Finally, in ΔRppH RNase E-493Δ strains with either the rho or nusG mutation and the cognate Para-rho+ or Para-nusG+ construct integrated in single copy on the chromosome, growth was observed only in medium not supplemented with Ara (that is, when rho+ and nusG+ are not expected to be expressed) (Fig. 2B). In LB medium, doubling times for the rho and nusG suppressed derivatives of the ΔRppH RNase-493Δ strain were each around 48 min, while those for the wild-type strain and the viable single and double mutant combinations ranged from around 20 to 35 min (Table 2). However, the suppressed strains failed to grow in defined media (data not shown). Interestingly, the rho rppH double mutant exhibited a growth rate in LB medium that was faster than that for either of the single mutants rho or rppH (Table 2), the reasons for which are at present not known.
Table 2. Growth rates of strains with ΔrppH, rne-493Δ, rho-A243E and nusG-G146D mutationsa.
Values given are doubling times (in min) in LB, determined as averages from three replicate cultures. Strains employed were (in order, wild type, rho-A243E, nusG-G146D): Nil, GJ3161, GJ3110, GJ3107; rne-493Δ, GJ5108, GJ5073, GJ5123; ΔrppH, GJ6964, GJ6965, GJ6966; and ΔrppH rne-493Δ (rho, nusG only), GJ6967, GJ6968.
Estimated from the conditional lethal experiments following Ara-supplementation to cultures of GJ9593 and GJ9594, as described in Fig. 2B.
Several observations pointed to the generality of this suppression by rho and nusG mutations of ΔRppH RNase E-493Δ lethality. Thus, the rho-A243E and nusG-G146D mutations also suppressed the lethality of ΔRppH with RNase E-584Δ that is encoded by rne-131 (data not shown). Furthermore, various other missense rho mutations (G51V, G53V, Y274D, P279L, P279S, G324D, N340S or I382N) that interfere with Rho-dependent termination (Chalissery et al., 2007) were able to suppress the ΔRppH RNase E-493Δ lethality to the same extent as did the rho-A243E allele (Fig. 3A).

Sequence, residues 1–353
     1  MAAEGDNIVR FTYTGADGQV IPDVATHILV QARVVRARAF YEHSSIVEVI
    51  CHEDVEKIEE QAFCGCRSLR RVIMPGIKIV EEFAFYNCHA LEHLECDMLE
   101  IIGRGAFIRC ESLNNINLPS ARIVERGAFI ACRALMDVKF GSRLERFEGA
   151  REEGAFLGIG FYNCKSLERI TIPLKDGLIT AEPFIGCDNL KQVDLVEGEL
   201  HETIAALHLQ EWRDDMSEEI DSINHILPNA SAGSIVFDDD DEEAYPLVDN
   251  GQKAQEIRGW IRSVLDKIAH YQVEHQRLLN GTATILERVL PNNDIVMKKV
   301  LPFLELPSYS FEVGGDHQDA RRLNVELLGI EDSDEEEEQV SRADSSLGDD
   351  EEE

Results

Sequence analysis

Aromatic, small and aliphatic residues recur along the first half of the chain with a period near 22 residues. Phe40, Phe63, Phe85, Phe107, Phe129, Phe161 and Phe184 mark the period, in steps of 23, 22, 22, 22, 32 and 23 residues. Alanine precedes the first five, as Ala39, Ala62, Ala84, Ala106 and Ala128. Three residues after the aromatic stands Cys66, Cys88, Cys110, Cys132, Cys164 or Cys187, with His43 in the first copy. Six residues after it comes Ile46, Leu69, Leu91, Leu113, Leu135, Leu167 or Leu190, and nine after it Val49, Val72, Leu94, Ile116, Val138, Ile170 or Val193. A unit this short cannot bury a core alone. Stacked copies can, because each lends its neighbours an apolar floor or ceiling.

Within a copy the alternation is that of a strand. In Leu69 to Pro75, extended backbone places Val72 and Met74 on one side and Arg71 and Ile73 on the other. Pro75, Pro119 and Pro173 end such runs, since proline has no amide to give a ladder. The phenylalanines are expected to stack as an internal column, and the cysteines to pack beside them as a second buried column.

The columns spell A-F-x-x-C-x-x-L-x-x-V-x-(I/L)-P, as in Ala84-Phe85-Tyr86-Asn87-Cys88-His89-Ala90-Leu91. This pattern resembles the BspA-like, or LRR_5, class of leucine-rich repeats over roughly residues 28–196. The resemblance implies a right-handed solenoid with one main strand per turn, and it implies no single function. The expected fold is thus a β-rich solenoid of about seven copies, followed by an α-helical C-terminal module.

We also tested for suppression by a null mutation in nusG in the MDS42 background (Cardinale et al., 2008), for which a pair of isogenic nusG+ and nusG::Kan derivatives of MDS42 rppH rne-493Δ carrying rne+ and nusG+ on Ts and IPTG-dependent replicon plasmids respectively were plated on either ITPG-supplemented medium at 30°C (positive controls) or without IPTG at 39°C (where neither plasmid will replicate). When colonies from the latter plates were subcultured, only those from the nusG::Kan derivative exhibited viability (Fig. 3B), indicating that the null nusG allele suppresses ΔRppH RNase E-493Δ lethality.
Several RNase E substrates exhibit defective processing in vivo in the synthetic lethal mutant that is reversed upon suppression by rho
The substrates for RNase E include mRNA and various precursors of tRNA and rRNA, and we determined the efficiency of RNase E action in vivo in various strains including the ΔRppH RNase E-493Δ synthetic lethal mutant and its rho-suppressed derivative. For this purpose, a conditional lethal approach was employed as described in Experimental procedures, in which expression of Para-rho+ was induced to confer lethality (restrictive condition) in a strain (GJ9593) carrying the synthetic lethal combination along with a chromosomal rho-A243E mutation; a culture of the same strain grown without Ara represented one in which the lethality had been suppressed by the rho mutation (permissive condition).
Bulk mRNA chemical half-lives were determined, as described in Experimental procedures, in cultures of the strain GJ9593 grown under the restrictive and permissive conditions (that is, with rho+ and rho-A243E, respectively); the values obtained were compared with those for the wild-type as well as the single mutant strains (Table 3). The data indicate that (i) the single mutant RNase E-493Δ exhibits moderate increase in bulk mRNA half-life, consistent with the results from other groups (Lopez et al., 1999; Bernstein et al., 2004), whereas ΔRppH is not significantly different from the wild-type strain; (ii) the synthetic lethal combination of RNase E-493Δ with ΔRppH is more severely compromised for mRNA degradation (that is, in strain GJ9593 grown with Ara); and (iii) the rho suppressor mutation partially reverses the mRNA degradation defect in the synthetic lethal double mutant (that is, in strain GJ9593 grown without Ara).
Table 3. Bulk mRNA decay rates in strains with rppH, rne and rho mutations.
The bulk mRNA chemical half-life (mean ± standard error) was calculated for each strain from at least three independent experiments, as described in Experimental procedures. Values reported for GJ12103/pHYD2373 were obtained from a single experiment.